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Journal of Prosthetic Dentistry

Straightforward tip for identifying the type of screwdriver needed for screw-retained implant-supported prostheses

      Screw loosening is a common complication of screw-retained implant prostheses.
      • Jung R.E.
      • Zembic A.
      • Pjetursson B.E.
      • Zwahlen M.
      • Thoma D.S.
      Systematic review of the survival rate and the incidence of biological, technical, and aesthetic complications of single crowns on implants reported in longitudinal studies with a mean follow-up of 5 years.
      ,
      • Pjetursson B.E.
      • Thoma D.
      • Jung R.
      • Zwahlen M.
      • Zembic A.
      A systematic review of the survival and complication rates of implant-supported fixed dental prostheses (FDPs) after a mean observation period of at least 5 years.
      If the prosthesis was made in another clinic, it is sometimes challenging for clinicians to know what type of screwdriver to use. Using magnification loops with light to visualize the screw's head, making a radiograph to identify the implant type, or trying various available screwdrivers may help select the needed screwdriver. However, in some situations, such as when nonoriginal screws have been used or there are very deep screw channels, identifying which screwdriver should be used is not possible.
      This tip aims to describe a straightforward technique for identifying the screwdriver to use for a screw-retained implant-supported prosthesis. It may also be helpful to visualize the diameter and length of the screw channel, as some drivers have an upper enlarged component which may prevent insertion of the driver completely into the channel preventing engagement of the driver tip into the screw.

      Technique

      • 1.
        Remove the screw-channel access restoration with rotary instruments. Ensure proper removal of protective material from the screw head, such as cotton pellets or Teflon tape.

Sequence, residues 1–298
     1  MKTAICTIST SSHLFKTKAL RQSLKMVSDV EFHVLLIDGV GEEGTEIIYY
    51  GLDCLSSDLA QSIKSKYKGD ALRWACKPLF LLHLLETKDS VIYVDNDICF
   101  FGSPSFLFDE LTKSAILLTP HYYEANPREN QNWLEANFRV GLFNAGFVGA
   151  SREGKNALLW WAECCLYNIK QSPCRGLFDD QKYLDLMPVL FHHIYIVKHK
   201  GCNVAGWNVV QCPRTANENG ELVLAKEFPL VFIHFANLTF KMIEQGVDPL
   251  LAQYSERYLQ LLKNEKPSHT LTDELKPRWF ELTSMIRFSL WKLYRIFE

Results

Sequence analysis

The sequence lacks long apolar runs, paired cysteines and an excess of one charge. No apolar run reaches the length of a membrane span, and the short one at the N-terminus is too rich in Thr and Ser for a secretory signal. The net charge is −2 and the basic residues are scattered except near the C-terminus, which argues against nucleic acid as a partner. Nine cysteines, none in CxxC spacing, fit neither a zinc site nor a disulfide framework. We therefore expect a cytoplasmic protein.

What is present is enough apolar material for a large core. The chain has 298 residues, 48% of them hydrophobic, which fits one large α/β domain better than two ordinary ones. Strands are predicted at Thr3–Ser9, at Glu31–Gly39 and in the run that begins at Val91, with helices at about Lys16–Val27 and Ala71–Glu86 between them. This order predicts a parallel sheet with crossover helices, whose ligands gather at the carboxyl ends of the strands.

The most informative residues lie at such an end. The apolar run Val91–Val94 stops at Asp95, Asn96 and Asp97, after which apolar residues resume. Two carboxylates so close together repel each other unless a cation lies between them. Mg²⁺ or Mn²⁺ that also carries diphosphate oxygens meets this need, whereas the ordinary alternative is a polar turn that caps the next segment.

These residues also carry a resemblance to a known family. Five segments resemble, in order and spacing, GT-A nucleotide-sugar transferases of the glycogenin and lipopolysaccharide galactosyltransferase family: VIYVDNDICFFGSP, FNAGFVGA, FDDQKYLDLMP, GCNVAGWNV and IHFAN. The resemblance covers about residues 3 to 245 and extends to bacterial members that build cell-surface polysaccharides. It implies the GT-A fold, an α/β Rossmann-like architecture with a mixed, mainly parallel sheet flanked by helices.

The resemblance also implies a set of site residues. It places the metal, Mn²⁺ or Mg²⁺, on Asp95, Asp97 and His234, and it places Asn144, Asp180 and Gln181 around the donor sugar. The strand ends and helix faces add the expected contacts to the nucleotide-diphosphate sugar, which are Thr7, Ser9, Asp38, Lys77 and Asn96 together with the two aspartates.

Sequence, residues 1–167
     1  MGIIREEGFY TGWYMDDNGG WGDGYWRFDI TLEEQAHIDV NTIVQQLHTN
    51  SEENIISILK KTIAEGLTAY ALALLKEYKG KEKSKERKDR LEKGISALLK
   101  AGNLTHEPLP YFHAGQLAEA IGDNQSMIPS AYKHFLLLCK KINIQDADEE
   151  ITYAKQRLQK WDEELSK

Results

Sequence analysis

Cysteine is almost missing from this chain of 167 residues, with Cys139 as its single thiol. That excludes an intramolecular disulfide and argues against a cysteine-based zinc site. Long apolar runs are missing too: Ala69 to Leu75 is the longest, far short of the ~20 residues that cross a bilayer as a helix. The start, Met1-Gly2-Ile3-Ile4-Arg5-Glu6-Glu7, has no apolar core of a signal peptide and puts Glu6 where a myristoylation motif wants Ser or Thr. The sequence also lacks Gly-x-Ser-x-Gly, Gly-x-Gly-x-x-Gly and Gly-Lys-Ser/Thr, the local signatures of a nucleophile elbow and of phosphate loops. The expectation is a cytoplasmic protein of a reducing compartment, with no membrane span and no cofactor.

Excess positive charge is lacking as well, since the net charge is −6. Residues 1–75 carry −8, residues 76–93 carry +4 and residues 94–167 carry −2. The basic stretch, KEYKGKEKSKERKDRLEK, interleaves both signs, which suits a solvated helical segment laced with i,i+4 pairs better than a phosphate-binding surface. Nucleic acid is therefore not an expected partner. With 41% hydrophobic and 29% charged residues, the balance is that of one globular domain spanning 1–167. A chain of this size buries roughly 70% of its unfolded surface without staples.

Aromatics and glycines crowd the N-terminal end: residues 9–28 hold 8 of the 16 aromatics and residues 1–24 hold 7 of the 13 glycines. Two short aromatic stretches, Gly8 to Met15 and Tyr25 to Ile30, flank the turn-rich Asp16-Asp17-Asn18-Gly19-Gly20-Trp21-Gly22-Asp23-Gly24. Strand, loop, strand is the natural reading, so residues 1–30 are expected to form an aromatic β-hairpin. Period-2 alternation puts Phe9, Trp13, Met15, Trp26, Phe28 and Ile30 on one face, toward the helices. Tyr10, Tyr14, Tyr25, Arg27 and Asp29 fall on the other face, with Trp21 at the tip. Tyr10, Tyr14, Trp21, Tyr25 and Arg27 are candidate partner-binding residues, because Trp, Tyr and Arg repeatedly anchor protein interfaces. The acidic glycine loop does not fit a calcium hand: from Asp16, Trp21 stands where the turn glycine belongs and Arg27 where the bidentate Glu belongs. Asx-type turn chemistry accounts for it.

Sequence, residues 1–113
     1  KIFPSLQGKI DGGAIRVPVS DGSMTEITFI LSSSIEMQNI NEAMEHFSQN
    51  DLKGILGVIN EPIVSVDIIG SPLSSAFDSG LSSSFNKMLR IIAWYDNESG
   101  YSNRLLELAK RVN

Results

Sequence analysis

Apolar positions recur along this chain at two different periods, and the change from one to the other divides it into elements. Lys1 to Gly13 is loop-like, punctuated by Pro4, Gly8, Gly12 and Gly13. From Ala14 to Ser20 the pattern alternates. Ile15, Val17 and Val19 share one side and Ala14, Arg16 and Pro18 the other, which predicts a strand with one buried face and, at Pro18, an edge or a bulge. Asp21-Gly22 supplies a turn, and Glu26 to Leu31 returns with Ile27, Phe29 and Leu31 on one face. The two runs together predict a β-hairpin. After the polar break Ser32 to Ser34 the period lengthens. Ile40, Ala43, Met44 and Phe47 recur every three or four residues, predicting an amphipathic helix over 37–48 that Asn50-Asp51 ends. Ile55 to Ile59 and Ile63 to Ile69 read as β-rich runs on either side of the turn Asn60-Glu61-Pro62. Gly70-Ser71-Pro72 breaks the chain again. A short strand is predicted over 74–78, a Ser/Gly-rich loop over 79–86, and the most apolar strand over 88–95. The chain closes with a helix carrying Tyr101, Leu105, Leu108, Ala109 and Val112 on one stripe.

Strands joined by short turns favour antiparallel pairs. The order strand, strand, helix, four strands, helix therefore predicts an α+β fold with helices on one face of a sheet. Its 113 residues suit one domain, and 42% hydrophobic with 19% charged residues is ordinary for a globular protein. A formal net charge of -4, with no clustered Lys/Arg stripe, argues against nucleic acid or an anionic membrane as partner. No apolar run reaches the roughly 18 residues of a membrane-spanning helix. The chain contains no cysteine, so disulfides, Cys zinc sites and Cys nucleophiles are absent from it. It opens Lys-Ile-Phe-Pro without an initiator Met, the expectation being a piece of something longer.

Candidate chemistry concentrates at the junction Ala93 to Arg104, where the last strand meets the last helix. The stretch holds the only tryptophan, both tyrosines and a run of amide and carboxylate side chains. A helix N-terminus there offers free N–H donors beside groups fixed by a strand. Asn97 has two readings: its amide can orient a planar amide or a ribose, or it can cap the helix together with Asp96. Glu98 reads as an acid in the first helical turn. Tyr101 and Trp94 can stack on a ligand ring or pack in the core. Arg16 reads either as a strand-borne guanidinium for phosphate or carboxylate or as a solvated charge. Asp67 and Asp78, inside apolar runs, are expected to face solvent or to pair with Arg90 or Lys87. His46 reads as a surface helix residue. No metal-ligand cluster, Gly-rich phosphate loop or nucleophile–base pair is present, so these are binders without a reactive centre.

• 2.
        Apply fast-setting light polyvinyl siloxane (PVS) (Virtual Light Body Fast Set; Ivoclar Vivodent AG) inside the screw channel with the silicone dispenser and a fine tip. Insert a round tungsten carbide bur into the unpolymerized PVS and wait for complete polymerization (Fig. 1).
        Figure thumbnail gr1
        Figure 1Application of fast-setting light polyvinyl siloxane and retentive bur inside screw-channel of screw-retained implant prosthesis.
      • 3.
        Remove the bur with the PVS. The shape of the screwdriver needed will be registered at the tip of the PVS. Then, select the appropriate screwdriver (Fig. 2).
        Figure thumbnail gr2
        Figure 2Shape of screwdriver needed registered at tip of polyvinyl siloxane.

      References

        • Jung R.E.
        • Zembic A.
        • Pjetursson B.E.
        • Zwahlen M.
        • Thoma D.S.
        Systematic review of the survival rate and the incidence of biological, technical, and aesthetic complications of single crowns on implants reported in longitudinal studies with a mean follow-up of 5 years.
        Clin Oral Implants Res. 2012; 23: 2-21
        • Pjetursson B.E.
        • Thoma D.
        • Jung R.
        • Zwahlen M.
        • Zembic A.
        A systematic review of the survival and complication rates of implant-supported fixed dental prostheses (FDPs) after a mean observation period of at least 5 years.
        Clin Oral Implants Res. 2012; 23: 22-38